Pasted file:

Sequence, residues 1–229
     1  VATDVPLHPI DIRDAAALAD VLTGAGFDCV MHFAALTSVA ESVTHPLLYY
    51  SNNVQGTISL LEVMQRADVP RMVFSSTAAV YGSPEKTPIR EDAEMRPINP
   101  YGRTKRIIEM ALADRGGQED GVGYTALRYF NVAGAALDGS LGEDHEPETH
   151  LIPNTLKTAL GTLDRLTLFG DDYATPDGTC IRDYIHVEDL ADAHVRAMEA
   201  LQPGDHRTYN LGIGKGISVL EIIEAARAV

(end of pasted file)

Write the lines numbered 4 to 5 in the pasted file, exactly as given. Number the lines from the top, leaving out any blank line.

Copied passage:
   101  YGRTKRIIEM ALADRGGQED GVGYTALRYF NVAGAALDGS LGEDHEPETH
   151  LIPNTLKTAL GTLDRLTLFG DDYATPDGTC IRDYIHVEDL ADAHVRAMEA